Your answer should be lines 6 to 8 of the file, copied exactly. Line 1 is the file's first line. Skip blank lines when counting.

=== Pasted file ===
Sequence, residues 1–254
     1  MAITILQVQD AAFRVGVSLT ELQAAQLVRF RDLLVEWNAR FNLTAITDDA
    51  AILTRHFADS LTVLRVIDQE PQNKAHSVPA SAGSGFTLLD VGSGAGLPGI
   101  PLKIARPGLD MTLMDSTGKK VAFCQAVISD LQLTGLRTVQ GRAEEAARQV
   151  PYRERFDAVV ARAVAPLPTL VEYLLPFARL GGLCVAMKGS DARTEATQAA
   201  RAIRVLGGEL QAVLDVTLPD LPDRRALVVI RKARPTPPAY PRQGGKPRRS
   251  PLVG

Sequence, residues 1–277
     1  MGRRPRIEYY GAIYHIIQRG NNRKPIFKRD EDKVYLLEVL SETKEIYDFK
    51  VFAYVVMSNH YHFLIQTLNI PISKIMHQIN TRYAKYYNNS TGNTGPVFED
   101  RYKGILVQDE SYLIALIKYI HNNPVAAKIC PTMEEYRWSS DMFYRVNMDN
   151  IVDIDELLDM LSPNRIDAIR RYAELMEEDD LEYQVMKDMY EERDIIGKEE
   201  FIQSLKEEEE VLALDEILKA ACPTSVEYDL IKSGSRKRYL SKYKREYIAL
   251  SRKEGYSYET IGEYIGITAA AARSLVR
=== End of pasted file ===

   201  RAIRVLGGEL QAVLDVTLPD LPDRRALVVI RKARPTPPAY PRQGGKPRRS
   251  PLVG

Sequence, residues 1–277